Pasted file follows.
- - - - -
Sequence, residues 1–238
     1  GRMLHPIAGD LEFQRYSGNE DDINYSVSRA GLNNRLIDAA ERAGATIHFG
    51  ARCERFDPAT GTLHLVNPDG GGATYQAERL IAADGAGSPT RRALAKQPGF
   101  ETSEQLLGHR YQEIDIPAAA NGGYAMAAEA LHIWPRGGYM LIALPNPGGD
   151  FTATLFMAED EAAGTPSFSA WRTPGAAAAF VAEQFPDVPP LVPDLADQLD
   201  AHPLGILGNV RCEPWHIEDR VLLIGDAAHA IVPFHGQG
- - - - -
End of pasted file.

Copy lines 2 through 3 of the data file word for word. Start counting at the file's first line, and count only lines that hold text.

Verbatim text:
     1  GRMLHPIAGD LEFQRYSGNE DDINYSVSRA GLNNRLIDAA ERAGATIHFG
    51  ARCERFDPAT GTLHLVNPDG GGATYQAERL IAADGAGSPT RRALAKQPGF